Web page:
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Taking Sustainability Seriously in Washington, D.C.

Published on Written by , Jacob Kriss Posted in Media
Photo credit: iStockphoto
Photo credit: iStockphoto

In April 2012, Washington, D.C., Mayor Vincent Gray made a statement that caught many people’s attention: he wants the District to be “fossil-free” by 2030.

Does it sound a little crazy? Maybe. But when it comes to U.S. cities that take sustainability seriously and are putting the infrastructure in place to make such a vision a reality, you really can’t beat Washington.

This week, the U.S. Green Building Council released its annual list of the top 10 states for new LEED certifications in 2012, and once again, the District topped the list, with 36.97 square feet of LEED space certified per person last year.

Admittedly, the District isn’t a state, and the large number of buildings in a small area does affect the number. However, that doesn’t change the fact that Washington’s lead in LEED is due to the government’s incredible leadership in sustainability in the built environment. Nationwide, the federal government occupies approximately 500,000 buildings, and in 2010 the U.S. General Services Administration mandated LEED Gold certification for all new federal building construction and major renovations.

At the local level, the District’s success can be partly attributed to the D.C. Green Building Act of 2006 (GBA), which required, among other things, that after Jan. 1, 2012, all new non-residential construction projects of more than 50,000 square feet be LEED certified.

And in 2013, the District will also begin rolling out adoption of the 2012 International Green Construction Code.

“This is a major upgrade to the existing construction codes in the District,” said Mike Babcock, chair of the USGBC National Capital Region Chapter. “As the District of Columbia looks to codify sustainable energy-efficient construction — to what extent we will see later this year — each agency is actively ramping up staff and training existing personnel to review and enforce the GBA 2006 and the new 2012 I-codes.”

There’s no question 2012 was a big year for the District, which now boasts 349 certified projects and approximately 69.8 million square feet of LEED-certified space. And of the 110 projects that certified in Washington in 2012, 78% were retrofits under the LEED for Existing Buildings: Operations & Maintenance rating system.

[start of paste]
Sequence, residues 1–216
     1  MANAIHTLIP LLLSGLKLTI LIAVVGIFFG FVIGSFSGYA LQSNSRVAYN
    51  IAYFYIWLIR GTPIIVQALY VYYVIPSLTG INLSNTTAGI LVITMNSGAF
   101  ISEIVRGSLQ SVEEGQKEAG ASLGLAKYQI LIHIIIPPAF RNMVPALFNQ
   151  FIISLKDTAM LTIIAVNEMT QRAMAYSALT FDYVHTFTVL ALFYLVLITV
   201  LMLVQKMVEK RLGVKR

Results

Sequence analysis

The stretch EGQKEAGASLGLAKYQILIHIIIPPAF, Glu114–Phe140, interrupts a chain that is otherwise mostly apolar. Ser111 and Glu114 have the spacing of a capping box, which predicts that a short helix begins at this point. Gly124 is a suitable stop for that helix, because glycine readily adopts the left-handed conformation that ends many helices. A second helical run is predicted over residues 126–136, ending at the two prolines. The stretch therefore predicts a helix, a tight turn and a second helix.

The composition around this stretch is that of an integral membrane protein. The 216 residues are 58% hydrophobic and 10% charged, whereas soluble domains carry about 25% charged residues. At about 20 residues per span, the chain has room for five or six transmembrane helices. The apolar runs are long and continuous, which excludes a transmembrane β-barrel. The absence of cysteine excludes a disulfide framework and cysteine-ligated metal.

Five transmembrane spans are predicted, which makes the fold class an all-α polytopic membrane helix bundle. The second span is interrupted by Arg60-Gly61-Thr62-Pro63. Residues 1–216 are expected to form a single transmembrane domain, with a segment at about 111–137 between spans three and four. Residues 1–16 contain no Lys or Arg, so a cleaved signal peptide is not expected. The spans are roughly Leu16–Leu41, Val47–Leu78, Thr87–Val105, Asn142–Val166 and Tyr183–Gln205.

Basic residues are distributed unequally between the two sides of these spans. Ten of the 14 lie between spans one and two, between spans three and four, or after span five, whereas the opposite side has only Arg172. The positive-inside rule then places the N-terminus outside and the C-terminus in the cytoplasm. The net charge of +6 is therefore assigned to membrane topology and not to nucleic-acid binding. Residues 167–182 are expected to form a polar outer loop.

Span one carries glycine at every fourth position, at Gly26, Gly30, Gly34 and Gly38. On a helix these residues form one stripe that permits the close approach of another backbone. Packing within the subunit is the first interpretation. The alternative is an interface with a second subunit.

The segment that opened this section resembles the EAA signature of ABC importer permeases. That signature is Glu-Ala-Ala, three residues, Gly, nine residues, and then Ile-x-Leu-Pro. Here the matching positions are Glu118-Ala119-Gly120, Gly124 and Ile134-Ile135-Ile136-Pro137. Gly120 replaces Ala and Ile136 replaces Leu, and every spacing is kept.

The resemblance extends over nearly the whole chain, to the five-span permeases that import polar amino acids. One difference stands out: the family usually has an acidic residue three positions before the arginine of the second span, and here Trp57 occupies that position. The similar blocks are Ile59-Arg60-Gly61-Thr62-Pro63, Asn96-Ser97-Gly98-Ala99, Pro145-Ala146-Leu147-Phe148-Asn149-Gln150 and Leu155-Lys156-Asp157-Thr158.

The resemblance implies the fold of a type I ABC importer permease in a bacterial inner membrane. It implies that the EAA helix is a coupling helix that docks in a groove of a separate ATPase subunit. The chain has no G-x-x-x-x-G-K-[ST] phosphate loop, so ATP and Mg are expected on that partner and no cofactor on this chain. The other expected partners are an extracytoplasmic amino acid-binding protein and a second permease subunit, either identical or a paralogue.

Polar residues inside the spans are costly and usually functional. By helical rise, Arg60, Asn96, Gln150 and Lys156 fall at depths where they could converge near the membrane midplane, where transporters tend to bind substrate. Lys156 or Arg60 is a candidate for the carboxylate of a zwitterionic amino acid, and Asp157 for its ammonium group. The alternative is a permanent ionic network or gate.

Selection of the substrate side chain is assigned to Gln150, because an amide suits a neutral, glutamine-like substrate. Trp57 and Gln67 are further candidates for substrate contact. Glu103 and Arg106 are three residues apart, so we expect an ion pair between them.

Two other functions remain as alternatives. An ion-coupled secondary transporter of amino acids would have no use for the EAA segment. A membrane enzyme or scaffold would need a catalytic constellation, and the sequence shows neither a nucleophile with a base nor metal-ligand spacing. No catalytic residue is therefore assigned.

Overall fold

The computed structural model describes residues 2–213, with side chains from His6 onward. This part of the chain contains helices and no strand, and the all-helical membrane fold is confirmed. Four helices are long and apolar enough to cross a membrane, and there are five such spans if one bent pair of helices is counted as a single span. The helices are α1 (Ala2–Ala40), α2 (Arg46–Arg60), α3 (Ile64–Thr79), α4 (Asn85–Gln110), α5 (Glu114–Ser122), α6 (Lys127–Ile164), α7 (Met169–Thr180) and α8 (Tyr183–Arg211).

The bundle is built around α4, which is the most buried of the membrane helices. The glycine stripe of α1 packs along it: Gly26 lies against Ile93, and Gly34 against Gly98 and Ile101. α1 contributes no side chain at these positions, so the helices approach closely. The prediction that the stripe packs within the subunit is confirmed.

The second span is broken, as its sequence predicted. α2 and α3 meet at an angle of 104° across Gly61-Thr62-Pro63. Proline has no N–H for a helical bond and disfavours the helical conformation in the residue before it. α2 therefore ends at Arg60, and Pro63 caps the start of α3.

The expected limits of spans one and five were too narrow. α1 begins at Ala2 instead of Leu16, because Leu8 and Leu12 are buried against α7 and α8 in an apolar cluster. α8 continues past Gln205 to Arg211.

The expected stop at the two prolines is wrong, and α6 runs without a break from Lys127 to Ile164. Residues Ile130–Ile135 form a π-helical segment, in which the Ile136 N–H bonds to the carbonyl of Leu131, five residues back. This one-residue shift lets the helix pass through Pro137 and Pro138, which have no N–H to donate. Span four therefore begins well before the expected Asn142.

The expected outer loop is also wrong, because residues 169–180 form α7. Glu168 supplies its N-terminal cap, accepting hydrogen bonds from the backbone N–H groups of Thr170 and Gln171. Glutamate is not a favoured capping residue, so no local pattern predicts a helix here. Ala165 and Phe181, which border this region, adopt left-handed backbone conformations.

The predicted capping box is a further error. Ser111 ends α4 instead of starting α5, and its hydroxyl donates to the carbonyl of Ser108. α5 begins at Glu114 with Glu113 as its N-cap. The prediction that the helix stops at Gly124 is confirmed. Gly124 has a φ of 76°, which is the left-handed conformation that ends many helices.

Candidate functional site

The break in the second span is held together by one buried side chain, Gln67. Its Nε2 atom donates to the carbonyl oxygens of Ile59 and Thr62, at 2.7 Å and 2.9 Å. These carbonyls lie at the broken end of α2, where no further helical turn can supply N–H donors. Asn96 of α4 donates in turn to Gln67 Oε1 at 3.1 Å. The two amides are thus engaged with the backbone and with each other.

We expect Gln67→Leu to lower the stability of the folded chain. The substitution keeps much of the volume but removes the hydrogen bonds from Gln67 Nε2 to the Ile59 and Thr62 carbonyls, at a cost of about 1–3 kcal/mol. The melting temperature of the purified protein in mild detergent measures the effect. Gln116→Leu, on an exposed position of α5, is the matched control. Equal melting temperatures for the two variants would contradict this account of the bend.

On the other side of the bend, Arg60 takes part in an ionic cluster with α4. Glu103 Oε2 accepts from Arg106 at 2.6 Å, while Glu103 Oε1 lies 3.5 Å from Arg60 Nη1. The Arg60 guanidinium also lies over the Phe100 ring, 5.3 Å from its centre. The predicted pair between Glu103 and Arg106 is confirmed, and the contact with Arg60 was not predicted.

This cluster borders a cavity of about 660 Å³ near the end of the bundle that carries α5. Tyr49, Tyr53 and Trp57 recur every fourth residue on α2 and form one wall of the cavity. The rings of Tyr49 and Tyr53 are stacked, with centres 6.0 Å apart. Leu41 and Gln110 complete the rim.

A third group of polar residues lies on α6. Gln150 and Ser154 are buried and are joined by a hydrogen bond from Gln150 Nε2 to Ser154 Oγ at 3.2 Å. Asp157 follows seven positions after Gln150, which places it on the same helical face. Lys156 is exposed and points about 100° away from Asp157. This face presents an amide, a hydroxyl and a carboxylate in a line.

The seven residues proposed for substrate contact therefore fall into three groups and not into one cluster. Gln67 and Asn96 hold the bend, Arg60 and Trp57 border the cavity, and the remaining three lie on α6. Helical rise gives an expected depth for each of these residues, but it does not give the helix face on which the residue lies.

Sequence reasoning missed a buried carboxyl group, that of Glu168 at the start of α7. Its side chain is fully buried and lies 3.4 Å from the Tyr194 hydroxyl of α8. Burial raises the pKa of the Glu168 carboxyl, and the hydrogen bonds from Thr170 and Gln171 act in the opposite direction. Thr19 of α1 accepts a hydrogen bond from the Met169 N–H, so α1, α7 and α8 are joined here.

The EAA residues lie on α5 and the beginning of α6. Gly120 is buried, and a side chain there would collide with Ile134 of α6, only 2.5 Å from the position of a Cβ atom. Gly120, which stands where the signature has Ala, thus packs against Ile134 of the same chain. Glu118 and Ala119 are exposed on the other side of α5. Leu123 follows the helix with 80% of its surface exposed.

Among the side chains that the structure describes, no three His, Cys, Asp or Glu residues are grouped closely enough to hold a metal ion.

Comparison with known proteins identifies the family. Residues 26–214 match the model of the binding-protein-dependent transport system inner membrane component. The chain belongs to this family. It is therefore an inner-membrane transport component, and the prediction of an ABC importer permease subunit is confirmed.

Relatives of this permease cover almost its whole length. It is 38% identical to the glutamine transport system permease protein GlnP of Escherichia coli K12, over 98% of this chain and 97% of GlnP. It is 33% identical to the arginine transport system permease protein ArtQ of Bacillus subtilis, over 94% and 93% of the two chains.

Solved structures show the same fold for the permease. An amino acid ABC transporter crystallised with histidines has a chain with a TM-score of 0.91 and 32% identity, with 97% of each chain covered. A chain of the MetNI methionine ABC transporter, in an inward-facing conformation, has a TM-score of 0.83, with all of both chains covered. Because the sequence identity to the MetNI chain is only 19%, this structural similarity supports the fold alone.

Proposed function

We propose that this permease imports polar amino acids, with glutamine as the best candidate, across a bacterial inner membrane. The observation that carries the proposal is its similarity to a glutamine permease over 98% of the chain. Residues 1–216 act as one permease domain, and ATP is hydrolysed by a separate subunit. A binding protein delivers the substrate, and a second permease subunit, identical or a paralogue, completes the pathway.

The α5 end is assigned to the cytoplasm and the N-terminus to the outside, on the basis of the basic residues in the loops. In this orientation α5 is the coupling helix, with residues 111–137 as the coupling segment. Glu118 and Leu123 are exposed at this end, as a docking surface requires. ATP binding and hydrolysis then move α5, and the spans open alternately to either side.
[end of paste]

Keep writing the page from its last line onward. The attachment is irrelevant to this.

One notable 2012 retrofit was the U.S. Mint Building in downtown Washington, which achieved LEED Gold. The eight-story building, constructed for the U.S. Mint in 1999, saw the addition of a number of sustainable features, such as motion sensors in limited-use rooms to conserve energy, new high-efficiency lighting systems and new heaters for the fresh air intake that use about half the electrical load.

Woodrow Wilson High School was another Washington project to get a new lease on a sustainable life, achieving Gold status in September under the LEED for Schools system. New features installed through the $115 million retrofit included large windows to let in plenty of natural light, acoustic paneling for the school’s music rooms, a greenhouse, a green roof and a 15,000-gallon cistern for the plumbing system, among many others.

In particular, Babcock noted the importance of green schools in Washington. “Through effective implementation, the District of Columbia can have a real impact on the next generation being fed through these schools, giving them a higher expectation of what the built environment can offer,” he said.

Other significant projects in Washington in 2012 included Gold certification for Bloomberg Government offices on K Street under the LEED for Commercial Interiors system; a LEED CI retrofit of the Natural Resources Defense Council’s offices, which earned Platinum status; an EB:O&M recertification of the Westory, the first multitenant office space in the District to earn Gold status under that system; and a renovation of The George Washington University’s Lafayette Hall, which earned LEED Gold.

While the District has made incredible progress in making itself a model for sustainable community, Babcock believes there’s still plenty more to be done, particularly in revamping an aging and undercapacity storm water management system and coordinating interagency implementation, jurisdiction and authority when introducing new green construction codes.

“However, with overall commitment through effective top-down leadership, cross-agency participation and buy-in, and public-private partnerships, the sustainability agenda in the District can be realized,” he said.

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Jacob Kriss

Media Specialist U.S. Green Building Council

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